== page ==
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Brain Imaging and Behavior

, Volume 12, Issue 3, pp 663–673 | Cite as

Brain size bias compensated graph-theoretical parameters are also better in women’s structural connectomes

  • Balázs Szalkai
  • Bálint Varga
  • Vince Grolmusz
Original Research

Introduction

While the neuronal-scale mapping of the connections of the whole human brain with more than 80 billion neurons is not possible today, a diffusion MRI-based workflow is available for mapping these connections with much less resolution (Hagmann et al. 2012; Craddock et al. 2013; McNab et al. 2013; Daducci et al. 2012). The result of that workflow is the connectome, or the braingraph of the subject: the several hundred nodes of this graph correspond to distinct areas of the gray matter of the brain, and two nodes are connected by an edge if the workflow finds fibers of axons connecting the areas, corresponding to these two nodes.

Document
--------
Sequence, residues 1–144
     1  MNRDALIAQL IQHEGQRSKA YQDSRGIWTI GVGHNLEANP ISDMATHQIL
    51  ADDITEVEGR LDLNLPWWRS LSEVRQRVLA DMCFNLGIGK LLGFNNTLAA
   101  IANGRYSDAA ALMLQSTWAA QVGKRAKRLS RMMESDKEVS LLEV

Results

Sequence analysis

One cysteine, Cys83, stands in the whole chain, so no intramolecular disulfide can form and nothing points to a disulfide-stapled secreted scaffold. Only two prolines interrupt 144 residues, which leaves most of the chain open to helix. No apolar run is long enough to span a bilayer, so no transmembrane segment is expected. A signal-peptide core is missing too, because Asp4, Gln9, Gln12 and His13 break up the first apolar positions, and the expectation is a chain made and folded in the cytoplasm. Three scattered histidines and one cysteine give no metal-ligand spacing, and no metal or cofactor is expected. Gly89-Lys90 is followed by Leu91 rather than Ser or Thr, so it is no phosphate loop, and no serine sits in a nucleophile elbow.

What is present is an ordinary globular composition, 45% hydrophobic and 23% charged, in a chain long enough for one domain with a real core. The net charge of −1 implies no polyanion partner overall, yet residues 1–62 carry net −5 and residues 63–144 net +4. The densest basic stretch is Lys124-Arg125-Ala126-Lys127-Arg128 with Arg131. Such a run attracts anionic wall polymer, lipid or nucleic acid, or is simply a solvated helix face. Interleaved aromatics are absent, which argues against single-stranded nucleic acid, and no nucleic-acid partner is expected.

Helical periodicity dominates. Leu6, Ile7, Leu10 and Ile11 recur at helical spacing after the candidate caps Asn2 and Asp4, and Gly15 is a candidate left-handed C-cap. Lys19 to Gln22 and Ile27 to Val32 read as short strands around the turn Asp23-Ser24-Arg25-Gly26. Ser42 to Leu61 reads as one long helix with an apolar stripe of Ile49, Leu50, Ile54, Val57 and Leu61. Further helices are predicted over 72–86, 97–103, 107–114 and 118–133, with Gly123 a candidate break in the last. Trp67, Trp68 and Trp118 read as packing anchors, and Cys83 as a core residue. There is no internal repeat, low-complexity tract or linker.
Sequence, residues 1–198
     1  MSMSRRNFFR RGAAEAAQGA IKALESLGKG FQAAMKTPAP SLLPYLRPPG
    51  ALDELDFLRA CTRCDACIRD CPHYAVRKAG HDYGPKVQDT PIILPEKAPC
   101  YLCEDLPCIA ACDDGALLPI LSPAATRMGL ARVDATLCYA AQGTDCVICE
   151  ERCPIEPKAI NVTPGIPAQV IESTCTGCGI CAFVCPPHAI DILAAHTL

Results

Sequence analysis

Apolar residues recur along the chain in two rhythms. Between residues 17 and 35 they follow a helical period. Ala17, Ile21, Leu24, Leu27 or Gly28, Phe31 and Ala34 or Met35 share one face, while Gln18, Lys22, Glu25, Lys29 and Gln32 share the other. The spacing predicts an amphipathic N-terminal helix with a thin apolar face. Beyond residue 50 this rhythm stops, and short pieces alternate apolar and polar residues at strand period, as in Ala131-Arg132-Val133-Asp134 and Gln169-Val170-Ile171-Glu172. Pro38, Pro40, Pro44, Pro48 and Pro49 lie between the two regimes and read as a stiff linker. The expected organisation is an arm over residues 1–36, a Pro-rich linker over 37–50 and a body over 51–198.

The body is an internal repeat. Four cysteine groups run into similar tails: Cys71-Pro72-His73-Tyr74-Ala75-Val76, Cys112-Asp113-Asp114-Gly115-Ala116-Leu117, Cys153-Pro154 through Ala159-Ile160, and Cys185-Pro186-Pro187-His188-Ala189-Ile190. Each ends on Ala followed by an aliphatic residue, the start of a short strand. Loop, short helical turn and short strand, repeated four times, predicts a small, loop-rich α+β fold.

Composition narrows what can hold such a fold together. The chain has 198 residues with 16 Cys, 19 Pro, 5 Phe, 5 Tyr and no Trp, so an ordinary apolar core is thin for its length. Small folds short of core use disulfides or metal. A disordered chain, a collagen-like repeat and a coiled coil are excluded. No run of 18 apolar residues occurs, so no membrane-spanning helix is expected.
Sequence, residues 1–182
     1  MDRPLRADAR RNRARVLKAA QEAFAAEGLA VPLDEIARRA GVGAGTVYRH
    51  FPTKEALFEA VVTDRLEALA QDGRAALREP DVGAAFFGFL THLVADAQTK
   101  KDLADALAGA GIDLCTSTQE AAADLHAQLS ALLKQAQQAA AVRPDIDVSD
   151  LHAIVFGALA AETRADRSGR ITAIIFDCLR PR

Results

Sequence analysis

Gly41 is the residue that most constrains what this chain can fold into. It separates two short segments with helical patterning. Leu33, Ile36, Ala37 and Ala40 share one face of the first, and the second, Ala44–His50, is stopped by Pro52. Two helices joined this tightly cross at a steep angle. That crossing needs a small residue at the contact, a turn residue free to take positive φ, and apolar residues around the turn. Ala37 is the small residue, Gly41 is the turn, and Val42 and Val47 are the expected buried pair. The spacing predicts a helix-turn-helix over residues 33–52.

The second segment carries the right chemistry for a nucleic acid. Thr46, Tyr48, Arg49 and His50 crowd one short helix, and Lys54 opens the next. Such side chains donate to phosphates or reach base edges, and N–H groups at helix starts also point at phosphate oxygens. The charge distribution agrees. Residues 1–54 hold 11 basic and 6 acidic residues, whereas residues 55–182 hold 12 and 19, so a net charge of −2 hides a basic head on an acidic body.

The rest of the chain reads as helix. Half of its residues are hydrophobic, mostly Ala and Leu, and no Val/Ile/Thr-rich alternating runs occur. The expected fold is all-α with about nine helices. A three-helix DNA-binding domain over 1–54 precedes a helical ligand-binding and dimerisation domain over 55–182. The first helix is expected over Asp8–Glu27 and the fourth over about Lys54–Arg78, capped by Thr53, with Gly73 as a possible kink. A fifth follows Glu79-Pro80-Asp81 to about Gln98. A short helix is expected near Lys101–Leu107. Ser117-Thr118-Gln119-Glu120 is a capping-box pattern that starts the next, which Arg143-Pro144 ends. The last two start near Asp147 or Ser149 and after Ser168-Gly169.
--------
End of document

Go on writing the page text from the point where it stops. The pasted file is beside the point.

These connectomes describe tens of thousands of connections between distinct cerebral areas in a much more detailed manner than was possible before the era of diffusion MRI imaging. Additionally, the braingraphs make possible the quantitative analysis of the connections of the human brain.

One natural question is finding the connections that are...

Keywords

Connectome Sex differences 

Notes

Acknowledgments

Data were provided in part by the Human Connectome Project, WU-Minn Consortium (Principal Investigators: David Van Essen and Kamil Ugurbil; 1U54MH091657) funded by the 16 NIH Institutes and Centers that support the NIH Blueprint for Neuroscience Research; and by the McDonnell Center for Systems Neuroscience at Washington University.

Author Contributions

V.G. initiated the study, analyzed data, wrote the paper; B.V. contributed analytic- and software tools; B.S. computed graph parameters and performed statistical analysis; all authors reviewed the manuscript.

Compliance with Ethical Standards

Conflict of interests

The authors declare no conflicts of interests.

Ethical approval

This article does not contain any studies with human participants or animals performed by any of the authors.

Funding

BS was supported through the new national excellence program of the Ministry of Human Capacities of Hungary.

Supplementary material

11682_2017_9720_MOESM1_ESM.pdf (193 kb)
(PDF 192 KB)

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Copyright information

© Springer Science+Business Media New York 2017

Authors and Affiliations

  1. 1.PIT Bioinformatics GroupEötvös UniversityBudapestHungary
  2. 2.Uratim Ltd.BudapestHungary

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